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September 3rd, 2014 DEBORAH KENNEDY | Theater
 

Battle Cry

A new opera explores the traumatic aftermath of combat.

perf_canticleblackmadonna_4044LOVE AND WAR: (From left) Lindsey Cafferky, Andre Flynn and Michael Mayes. - IMAGE: Owen Carey/Anima Mundi Productions

Midway through The Canticle of the Black Madonna, a war veteran named Adam curls into the fetal position. Discordant, frenetic music plays as Adam relives the deaths of his fellow soldiers in a grenade attack in Afghanistan. Over and over, he poses the same question: “Why them and not me?”

Opera and the battlefield have long been good bedfellows, perhaps because the latter packs an inherent dramatic punch. From Bellini’s I Puritani, set during the English Civil War in the 1640s, to Glinka’s masterpiece of Russian propaganda, A Life for the Tsar, to Meyerbeer’s Les Huguenots, the art form has embraced the glamour and glory of war.

In The Canticle of the Black Madonna, a new opera debuting this weekend at the Newmark Theatre, nothing is that simple. The show, by librettist Tiziana DellaRovere and composer Ethan Gans-Morse, concerns itself not with sentimental acts of heroism but with conflict’s harrowing aftermath. It centers on Adam, a soldier who returns from the Middle East only to find his father’s Louisiana oyster farm decimated by the 2010 Gulf of Mexico oil spill. Though outwardly fine, Adam’s violent outbursts and hallucinations reveal a man tormented by post-traumatic stress disorder, which, according to recent studies, is now responsible for more than 22 American combat veteran suicides every day.

“One thing opera does incredibly well is open a window into a character’s subconscious,” Gans-Morse says. “Consider that PTSD is a silent killer. People develop a response to trauma that, when the trauma is removed, doesn’t work anymore. Their inner world doesn’t match their outer world. That’s a very difficult thing to show in other art forms, but it’s what opera was made for.”

Adam, consumed by survivor’s guilt, has trouble connecting with his pregnant wife and stateside life. That’s where the Black Madonna, a dark-skinned virgin figure from medieval sculpture and iconography, comes in. According to DellaRovere, she represents the healing power of feminine love, and serves as the link between Adam’s story of psychological torture and the more visible wounds greed and industry have inflicted on our planet.

“The Black Madonna is of the earth,” DellaRovere says. “She’s not the celestial Madonna, blue and transcendent and out of reach. She’s here with us in the trenches of human life. She brings us the comfort, compassion and unconditional love we need to move forward.”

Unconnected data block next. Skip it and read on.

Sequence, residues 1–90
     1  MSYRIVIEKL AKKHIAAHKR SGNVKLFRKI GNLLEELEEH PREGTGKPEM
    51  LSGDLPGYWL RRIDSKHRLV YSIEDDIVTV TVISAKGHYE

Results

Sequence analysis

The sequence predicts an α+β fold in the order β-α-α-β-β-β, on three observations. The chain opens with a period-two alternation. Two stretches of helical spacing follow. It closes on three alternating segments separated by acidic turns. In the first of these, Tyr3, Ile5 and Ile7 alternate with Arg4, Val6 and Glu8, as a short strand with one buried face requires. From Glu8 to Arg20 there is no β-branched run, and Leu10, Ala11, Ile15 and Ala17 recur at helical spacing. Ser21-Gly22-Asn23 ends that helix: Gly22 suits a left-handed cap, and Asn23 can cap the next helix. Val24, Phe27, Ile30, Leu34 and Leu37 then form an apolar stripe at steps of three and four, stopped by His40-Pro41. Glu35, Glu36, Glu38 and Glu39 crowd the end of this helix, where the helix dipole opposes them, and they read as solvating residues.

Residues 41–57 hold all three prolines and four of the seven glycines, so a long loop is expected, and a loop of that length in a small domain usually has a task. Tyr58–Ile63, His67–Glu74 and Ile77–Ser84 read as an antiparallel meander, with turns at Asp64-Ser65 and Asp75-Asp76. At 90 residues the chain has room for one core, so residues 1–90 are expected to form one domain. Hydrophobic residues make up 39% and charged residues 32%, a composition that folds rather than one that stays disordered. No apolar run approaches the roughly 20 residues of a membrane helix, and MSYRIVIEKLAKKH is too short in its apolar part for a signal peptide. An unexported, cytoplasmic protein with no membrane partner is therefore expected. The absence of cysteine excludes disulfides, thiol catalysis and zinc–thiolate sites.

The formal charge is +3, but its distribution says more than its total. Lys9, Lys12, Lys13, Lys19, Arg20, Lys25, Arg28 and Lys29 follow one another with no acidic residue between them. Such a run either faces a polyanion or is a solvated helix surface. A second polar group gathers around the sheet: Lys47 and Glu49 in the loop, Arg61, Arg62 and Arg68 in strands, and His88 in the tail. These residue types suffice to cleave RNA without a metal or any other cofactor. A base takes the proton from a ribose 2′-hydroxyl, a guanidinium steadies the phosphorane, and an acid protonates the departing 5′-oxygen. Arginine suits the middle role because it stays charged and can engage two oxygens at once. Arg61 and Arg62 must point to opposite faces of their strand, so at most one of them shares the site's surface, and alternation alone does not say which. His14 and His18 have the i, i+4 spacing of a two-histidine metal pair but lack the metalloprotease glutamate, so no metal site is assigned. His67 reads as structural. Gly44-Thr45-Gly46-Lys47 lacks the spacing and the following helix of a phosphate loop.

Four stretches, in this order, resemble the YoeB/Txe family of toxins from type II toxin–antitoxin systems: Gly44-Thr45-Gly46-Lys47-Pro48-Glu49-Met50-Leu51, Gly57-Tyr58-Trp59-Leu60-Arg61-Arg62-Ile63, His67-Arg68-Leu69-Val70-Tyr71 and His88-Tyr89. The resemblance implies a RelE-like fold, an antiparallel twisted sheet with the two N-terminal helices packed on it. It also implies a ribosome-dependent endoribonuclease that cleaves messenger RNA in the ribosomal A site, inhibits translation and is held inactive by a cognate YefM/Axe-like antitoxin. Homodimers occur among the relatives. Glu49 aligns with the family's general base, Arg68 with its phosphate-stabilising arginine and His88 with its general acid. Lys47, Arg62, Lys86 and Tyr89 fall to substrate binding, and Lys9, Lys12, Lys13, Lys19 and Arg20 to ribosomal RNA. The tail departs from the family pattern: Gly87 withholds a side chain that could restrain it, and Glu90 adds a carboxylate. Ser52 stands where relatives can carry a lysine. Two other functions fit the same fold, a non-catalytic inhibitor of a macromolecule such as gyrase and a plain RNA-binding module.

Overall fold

DellaRovere was interested in PTSD due to her background in clinical psychology. A native of Milan, she’s also an accomplished painter and poet and an ordained priest. While writing Canticle, she uncovered a family secret: Her father, a World War II Air Force veteran, was mostly likely afflicted with the disorder. “Back then no one really knew what PTSD was,” she says. “All we knew was that my very loving, caring father would sometimes without warning get angry and be on the verge of violence. Ten years after his death, I feel like I finally understand him.”

DellaRovere and Gans-Morse have a long-standing professional partnership and co-founded Phoenix, Ore.-based Anima Mundi Productions, a nonprofit arts organization with a focus on social change. Gans-Morse, a lover of Renaissance and Baroque music, composed Canticle with a very particular goal in mind. Adam (Michael Mayes) and his wife (Lindsey Cafferky) sing in a contemporary style. The music that accompanies them is likewise modern. The Black Madonna (Gwendolyn Brown), on the other hand, works in styles dating back hundreds of years—hers is an ancient voice.

“At the beginning, these styles are very much in conflict,” Gans-Morse says, “but over two hours, they meld. The effect is to communicate the healing the characters experience through music.”

During its four years in development, the opera has become a form of outreach. Real-life veterans join the 24-voice chorus. They also worked in lighting and set construction. On Thursday, Sept. 4, military personnel and their families are invited to see Canticle for free. Representatives from military-support service organizations will be on hand that night. Three days later at TaborSpace on Southeast Belmont Street, DellaRovere, with local combat veterans and psychologists, will hold a panel discussion on the opera and issues facing returning soldiers.

“The best feedback by far has come from veterans who came to the show in Eugene when we were workshopping it and told me they’d been considering suicide, but then saw Adam and Mara’s story and changed their minds,” DellaRovere says. “If I can save one life, these four years of bringing this project to fruition will be worth it.”  


SEE IT: The Canticle of the Black Madonna is at the Newmark Theatre, 1111 SW Broadway, 800-273-1530. 7:30 pm Friday-Saturday, Sept. 5-6. $40-$84. 

 
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